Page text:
Monday, December 23, 2013

Darkening of the Days & Our Little Lights

I'm really fond of a Christmas tradition hearkens back to pre-Christian cultures: the bringing of lights into the home until the sun returns and the days lengthen.

When I was a child, I read about the ancient customs of kindling bonfires and putting lights on trees, in an act of sympathetic magic until the light in the sky increased. For Christians and European pagans alike, that light is the Light of the World, the hope that comes amid darkness. The season of the Winter Solstice must have been both a fearful and hopeful time: the families and animals they brought indoors in the much deeper winters of those times, the sharing of scarce food put up in the harvest months, the act of celebration under many faiths--Jewish, Christian, Pagan--to hold up a few lights in the dark.

That's a time we forget, as we tend to get nostalgic--thank you, Charles Dickens--about the Victorian traditions we trot out with every school play of "A Christmas Carol."

I played Scrooge in 6th grade, incidentally: both my acting debut and finale.

Today, I'm feeling more like Bob Cratchit: Yuletide is more about family and the warmth of the hearth than about fancy gifts and conspicuous consumption.

As our first full year here in the countryside ended ended, we stop where we began: with the annual Christmas-Eve celebration. We have been trimming our trees and putting up lights, late in the season when compared to most folks. As a child I helped with the tree every Christmas Eve; my family lacked spending money but the tree lots offered good bargains the night before Christmas; we'd get a tree that remained, often too tall or too short, then bring it home to decorate before midnight.  It came down barely a week later; in our one room fit for a tree, the same room that our whole-home gas stove occupied, a cut tree dried out fast.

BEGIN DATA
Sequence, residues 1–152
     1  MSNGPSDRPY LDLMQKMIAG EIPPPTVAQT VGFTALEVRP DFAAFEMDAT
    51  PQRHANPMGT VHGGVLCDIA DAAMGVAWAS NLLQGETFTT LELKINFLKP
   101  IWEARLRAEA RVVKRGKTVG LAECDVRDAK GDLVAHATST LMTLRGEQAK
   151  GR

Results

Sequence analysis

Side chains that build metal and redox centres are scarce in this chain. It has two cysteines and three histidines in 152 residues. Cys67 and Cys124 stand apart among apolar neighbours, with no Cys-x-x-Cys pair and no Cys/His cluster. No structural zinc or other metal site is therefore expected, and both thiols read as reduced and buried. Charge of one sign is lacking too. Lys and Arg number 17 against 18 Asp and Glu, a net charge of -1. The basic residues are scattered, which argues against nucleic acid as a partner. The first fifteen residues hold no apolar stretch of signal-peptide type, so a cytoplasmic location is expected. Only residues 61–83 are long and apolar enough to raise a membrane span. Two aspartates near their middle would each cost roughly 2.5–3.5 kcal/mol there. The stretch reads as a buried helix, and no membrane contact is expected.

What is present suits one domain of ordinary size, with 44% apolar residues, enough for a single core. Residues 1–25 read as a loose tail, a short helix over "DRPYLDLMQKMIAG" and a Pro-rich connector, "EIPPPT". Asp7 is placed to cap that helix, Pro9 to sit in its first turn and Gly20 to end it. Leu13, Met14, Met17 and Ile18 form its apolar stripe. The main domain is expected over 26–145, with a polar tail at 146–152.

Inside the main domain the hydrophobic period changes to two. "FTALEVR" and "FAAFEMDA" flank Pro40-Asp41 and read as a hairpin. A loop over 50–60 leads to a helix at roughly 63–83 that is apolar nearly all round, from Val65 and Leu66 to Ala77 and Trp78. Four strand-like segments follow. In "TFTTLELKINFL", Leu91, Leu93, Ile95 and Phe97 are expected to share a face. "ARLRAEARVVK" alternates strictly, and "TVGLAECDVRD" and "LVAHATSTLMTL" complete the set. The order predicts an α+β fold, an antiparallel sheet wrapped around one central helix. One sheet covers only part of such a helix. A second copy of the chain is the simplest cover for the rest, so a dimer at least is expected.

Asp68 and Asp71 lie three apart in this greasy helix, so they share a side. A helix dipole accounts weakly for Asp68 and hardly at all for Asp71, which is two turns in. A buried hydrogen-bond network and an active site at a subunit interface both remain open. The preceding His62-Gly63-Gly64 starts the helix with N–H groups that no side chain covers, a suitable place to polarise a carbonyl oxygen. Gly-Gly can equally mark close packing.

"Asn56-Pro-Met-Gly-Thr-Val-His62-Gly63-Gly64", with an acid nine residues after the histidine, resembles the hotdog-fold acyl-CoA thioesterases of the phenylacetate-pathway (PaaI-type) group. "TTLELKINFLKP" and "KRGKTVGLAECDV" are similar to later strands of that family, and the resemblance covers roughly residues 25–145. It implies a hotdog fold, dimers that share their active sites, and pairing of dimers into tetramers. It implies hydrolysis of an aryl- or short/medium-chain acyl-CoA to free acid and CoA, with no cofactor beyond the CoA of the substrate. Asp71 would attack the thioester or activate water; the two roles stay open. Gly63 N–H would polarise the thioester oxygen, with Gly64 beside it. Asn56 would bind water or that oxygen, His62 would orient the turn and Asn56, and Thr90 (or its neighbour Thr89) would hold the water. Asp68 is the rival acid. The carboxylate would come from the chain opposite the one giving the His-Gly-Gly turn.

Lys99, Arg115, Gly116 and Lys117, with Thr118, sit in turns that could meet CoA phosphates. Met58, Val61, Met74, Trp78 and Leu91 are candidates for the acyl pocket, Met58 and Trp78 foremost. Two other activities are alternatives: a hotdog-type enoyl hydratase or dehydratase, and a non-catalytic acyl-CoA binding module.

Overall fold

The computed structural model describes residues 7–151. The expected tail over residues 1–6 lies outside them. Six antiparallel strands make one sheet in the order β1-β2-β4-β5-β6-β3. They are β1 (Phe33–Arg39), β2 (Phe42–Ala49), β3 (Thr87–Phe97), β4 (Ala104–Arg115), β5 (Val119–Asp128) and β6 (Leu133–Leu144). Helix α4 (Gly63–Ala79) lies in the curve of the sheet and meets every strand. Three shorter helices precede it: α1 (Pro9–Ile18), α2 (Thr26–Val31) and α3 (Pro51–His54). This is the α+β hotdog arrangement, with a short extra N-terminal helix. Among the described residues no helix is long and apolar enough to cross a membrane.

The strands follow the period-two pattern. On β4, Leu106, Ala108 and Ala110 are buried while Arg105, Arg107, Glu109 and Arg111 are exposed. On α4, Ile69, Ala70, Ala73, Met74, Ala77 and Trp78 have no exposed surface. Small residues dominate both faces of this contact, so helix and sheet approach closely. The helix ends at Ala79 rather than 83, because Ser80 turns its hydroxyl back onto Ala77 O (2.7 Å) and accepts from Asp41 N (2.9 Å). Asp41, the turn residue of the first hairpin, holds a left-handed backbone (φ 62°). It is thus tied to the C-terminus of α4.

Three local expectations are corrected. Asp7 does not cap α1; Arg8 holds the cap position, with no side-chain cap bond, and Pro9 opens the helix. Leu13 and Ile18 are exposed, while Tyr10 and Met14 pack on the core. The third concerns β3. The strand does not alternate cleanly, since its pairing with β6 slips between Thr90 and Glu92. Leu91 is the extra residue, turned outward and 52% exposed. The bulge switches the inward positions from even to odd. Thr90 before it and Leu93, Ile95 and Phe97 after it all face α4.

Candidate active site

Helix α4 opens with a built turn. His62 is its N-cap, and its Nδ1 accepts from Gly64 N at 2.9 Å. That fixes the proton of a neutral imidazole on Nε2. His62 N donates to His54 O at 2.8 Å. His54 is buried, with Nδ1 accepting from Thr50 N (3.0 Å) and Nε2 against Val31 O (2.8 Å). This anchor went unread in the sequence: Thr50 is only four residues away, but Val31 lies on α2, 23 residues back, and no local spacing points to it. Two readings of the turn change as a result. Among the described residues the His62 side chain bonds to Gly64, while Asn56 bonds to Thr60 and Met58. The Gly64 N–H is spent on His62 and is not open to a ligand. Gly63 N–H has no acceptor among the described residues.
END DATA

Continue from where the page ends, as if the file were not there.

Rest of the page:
I hated to see the tree go down, but the very brevity of its time in our house made me look forward to its next arrival as much as Santa's. It was part of that suspension of disbelief, combined with a child's belief in magic. Never mind that our single heat source meant Santa would have to squeeze through a metal pipe and into a burning gas stove before entering our house.

A child can believe in such miracles. Perhaps other miracles of a minor variety remain all around us whenever plants germinate or we get a good harvest. It's a miracle when an ancient tractor starts up while my new one gets repairs. It's a miracle to find just the right disc-harrows in the woods, abandoned and overgrown, to pull out and use that very day. It's a miracle to have enough firewood for winter. Thus it's been a good year learning about rural life first-hand and full-time, in spite of a wet summer and the promise of another see-saw winter as Virginia's climate continues to warm.

I hope, as bad things happen in the years to come, we all, individually, hold up a light and share it with others against the darkening of the days. There's been enough rage and hatred. One friend told of a Christmas party at which everyone made a wish. The guests were all wealthy, yet they all, to a person, wished for "abundance." Let me wish differently.

How about "may everyone be free from fear and suffering. May everyone have what they need"?

That's my 2013 Christmas wish. Light your own candle. I suspect that we will kindle a collective fire one day. I'll keep putting up my lights until then, and try not to say "Humbug" too often.

Here's to a Blessed Solstice, a Merry Christmas, a Happy Hanukkah, and a Joyous New Year!

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